August 04, 2022
By Mike Fletcher

Mike Fletcher reports on Cvent's inaugural round-table discussion on diversity and inclusion in the UK events sector.

Almost a year after the publication of ‘Black in the Boardroom’ - a report which explored racial disparities within the UK event industry, Cvent invited a dozen event professionals to come together at the W hotel in London to discuss what, if anything, has changed.

The 2021 report by The Zoo XYZ analysed 15 UK event trade bodies to discover there were no Black professionals in senior, board or leadership positions within these organisations.

Cvent’s Senior Marketing Manager Europe and Co-Founder of the Diverse Speaker Bureau, Felicia Asiedu posed the question, ‘Did highlighting this stark issue have an impact that drove positive change?’

Priya Narain, Director of Event First Steps, a not-for-profit that equips industry newcomers with knowledge and connections to help them progress while encouraging diversity within the sector, said: “It certainly got the conversation going but it feels far too repetitive with very little visible action.”

Anupa White, Director of Principal Global Events agreed. She said: “I’m still the only Asian female leader in many of the scenarios I find myself in. I’m fortunate to be able to attract culturally diverse talent to my agency because it’s London-based. I believe the industry’s leaders of tomorrow will emerge from more diverse recruitment policies. But change through hiring and career progression takes time and needs to be UK-wide. It won’t happen over-night.”

Donna Abberley has worked in the events industry for over 25 years and is currently a Corporate Events Manager at London & Partners. She revealed that for the first time in her career, she now has a minority ethnic as her boss.

“Unfortunately however, it’s still a rarity and post-pandemic, economic recovery is being prioritised over diversity and inclusion at leadership level,” Abberley said. “Black talent clearly exists but if you don’t recognise yourself when you look at the make-up of the industry trade bodies that are meant to represent you, you’re unlikely to step forward and make yourself more visible.”

One piece of positive action to occur following the ‘Black in the Boardroom’ report was the emergence of the Association of Black Event Professionals (ABEP) - a membership association launched by The Zoo XYZ’s Nadu Placca to offer a single voice to speak up for the needs of black professionals in the MICE industry.

In August last year, the ABEP won £25,000 of business funding, plus mentoring from experienced leaders including Holly Tucker MBE from Not On The High Street, in the AXA Startup Angel competition.

At the time Placca said: “We’re creating a community to share resources, experiences and opportunities. We’ll provide education programmes and training and we’re working with some recruitment consultants that are going to share roles from the events industry direct to our members, to ensure we’re at the forefront when new jobs come through.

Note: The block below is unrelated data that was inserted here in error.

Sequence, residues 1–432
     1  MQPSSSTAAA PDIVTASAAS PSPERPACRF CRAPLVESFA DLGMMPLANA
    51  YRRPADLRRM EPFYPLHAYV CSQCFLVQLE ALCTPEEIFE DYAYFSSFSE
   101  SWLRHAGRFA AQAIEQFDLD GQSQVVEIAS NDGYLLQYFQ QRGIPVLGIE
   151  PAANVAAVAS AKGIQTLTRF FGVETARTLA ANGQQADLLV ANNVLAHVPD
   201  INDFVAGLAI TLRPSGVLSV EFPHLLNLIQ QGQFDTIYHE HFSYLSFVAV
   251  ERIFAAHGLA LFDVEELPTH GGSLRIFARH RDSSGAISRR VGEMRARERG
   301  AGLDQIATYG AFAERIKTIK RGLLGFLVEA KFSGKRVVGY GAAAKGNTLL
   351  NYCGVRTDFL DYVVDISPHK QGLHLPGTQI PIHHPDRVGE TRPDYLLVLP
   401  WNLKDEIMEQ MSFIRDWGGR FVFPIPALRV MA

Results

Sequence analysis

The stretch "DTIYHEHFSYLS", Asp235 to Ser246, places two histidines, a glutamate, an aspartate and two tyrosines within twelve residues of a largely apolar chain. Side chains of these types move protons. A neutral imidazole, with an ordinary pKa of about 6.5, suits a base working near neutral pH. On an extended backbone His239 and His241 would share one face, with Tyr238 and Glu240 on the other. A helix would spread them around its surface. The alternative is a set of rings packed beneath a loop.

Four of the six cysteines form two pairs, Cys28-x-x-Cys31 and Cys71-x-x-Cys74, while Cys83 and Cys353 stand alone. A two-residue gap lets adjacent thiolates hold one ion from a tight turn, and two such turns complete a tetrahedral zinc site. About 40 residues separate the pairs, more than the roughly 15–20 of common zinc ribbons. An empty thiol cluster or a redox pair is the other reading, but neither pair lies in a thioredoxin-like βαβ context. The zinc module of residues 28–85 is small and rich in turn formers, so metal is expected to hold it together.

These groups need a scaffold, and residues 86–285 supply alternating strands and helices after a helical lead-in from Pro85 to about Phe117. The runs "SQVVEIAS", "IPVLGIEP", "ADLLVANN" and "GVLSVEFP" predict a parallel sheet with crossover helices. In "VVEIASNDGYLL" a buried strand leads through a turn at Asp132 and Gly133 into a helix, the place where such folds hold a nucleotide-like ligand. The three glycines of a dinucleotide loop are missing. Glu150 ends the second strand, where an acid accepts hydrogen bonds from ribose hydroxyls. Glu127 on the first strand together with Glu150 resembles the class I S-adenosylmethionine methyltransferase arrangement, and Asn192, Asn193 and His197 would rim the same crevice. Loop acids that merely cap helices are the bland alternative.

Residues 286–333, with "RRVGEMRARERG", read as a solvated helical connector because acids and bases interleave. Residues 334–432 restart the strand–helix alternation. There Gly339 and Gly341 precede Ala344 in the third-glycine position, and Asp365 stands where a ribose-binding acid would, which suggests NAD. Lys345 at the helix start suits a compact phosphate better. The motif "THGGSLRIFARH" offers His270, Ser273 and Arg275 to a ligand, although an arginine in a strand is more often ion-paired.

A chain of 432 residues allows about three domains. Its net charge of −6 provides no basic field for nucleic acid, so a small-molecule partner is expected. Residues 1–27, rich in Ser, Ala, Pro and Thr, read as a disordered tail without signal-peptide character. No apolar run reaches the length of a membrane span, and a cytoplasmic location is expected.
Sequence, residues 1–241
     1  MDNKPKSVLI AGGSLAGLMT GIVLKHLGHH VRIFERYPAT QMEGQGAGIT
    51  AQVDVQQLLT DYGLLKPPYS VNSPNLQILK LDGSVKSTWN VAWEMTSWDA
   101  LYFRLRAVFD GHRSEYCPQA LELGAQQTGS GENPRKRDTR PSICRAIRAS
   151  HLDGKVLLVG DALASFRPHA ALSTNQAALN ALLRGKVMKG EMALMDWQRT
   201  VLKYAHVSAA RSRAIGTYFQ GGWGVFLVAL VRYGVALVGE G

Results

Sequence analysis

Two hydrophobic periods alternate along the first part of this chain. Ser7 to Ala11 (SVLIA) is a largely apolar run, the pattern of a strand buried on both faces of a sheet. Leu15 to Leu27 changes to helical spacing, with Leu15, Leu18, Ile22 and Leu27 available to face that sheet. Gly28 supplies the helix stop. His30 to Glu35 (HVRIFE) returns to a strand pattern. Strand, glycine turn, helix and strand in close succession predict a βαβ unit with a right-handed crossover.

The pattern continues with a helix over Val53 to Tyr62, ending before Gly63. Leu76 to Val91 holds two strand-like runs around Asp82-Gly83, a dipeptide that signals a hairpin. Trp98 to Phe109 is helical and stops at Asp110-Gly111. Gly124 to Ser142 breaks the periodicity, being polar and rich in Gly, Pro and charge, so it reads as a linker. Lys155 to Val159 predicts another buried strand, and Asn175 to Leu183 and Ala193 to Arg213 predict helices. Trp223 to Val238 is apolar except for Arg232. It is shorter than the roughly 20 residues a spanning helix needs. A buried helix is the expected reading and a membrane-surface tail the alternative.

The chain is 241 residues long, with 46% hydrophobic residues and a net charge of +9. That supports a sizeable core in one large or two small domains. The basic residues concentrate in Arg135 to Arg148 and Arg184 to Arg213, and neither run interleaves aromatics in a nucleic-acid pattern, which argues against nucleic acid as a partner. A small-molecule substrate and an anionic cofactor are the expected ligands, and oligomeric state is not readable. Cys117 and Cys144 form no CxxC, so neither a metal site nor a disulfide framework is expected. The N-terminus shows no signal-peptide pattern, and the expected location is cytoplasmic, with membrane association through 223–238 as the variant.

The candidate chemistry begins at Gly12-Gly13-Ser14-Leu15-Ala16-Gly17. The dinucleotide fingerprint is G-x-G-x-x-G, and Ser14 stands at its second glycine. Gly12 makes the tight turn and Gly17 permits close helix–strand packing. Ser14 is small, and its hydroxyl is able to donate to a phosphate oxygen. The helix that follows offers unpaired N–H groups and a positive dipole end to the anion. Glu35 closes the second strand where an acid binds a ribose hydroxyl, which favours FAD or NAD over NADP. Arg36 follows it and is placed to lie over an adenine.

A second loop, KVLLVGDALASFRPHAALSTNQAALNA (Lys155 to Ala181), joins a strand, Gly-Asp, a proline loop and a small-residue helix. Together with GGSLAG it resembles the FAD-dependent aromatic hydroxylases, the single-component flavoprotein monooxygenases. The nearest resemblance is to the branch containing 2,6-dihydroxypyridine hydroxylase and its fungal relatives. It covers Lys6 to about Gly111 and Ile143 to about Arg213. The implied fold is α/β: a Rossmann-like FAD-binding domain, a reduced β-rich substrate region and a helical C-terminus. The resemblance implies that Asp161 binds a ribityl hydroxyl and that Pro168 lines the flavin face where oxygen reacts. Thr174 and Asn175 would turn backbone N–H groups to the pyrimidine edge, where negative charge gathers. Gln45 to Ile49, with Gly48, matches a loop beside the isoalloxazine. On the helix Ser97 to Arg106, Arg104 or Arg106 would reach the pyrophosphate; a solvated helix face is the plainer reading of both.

“The ABEP is something I needed when I first joined the industry 14 years ago. An association that looks like me, that understands culturally the stresses that I might go through in this particular working environment, that’s lobbying my voice. And we want to help event professionals with their succession plan in the industry, no matter what level they’re entering in at.”

Everyone around the Cvent-hosted discussion table believed that the creation of the ABEP, plus moves by the long-established UK event sector trade bodies to involve and appeal to a more diverse representation of the industry, are positive drivers of inclusivity and will result in more long-term leadership roles from Black and ethnic minorities.

However, it was also agreed that more support is needed for the majority of white, middle-aged company and association board members to become true allies of the Black community by giving them the tools and techniques that will empower them to turn the inclusivity dial themselves.

“I’m not comfortable being assigned the role of Diversity & Inclusion Officer in my company just because of the colour of my skin. It’s not my job to educate you on my experiences. We need support and a change of mindset to come from within existing leadership structures,” one attendee said.

Another commented: “We need the status quo to meet us where we are, voice their willingness to be held accountable and have their mindsets challenged, work with us to change the language and tone, and help to empower a more collaborative path to diversity and inclusion within the UK events industry.”

Cvent’s round-table on racial disparities within the UK event industry was staged as part of a series of ongoing conversations designed to drive action, collaboration and change. If you’d like to be a part of the continued dialogue, look-out for future discussions and sign-up for Cvent CONNECT Europe, taking place in London from 4-6 October.

Mike Fletcher

Mike Fletcher

Mike has been writing about the meetings and events industry for almost 20 years as a former editor at Haymarket Media Group, and then as a freelance writer and editor. He currently runs his own content agency, Slippy Media, catering for a wide-range of client requirements, including social strategy, long-form, event photography, event videography, reports, blogs and ghost-written material.
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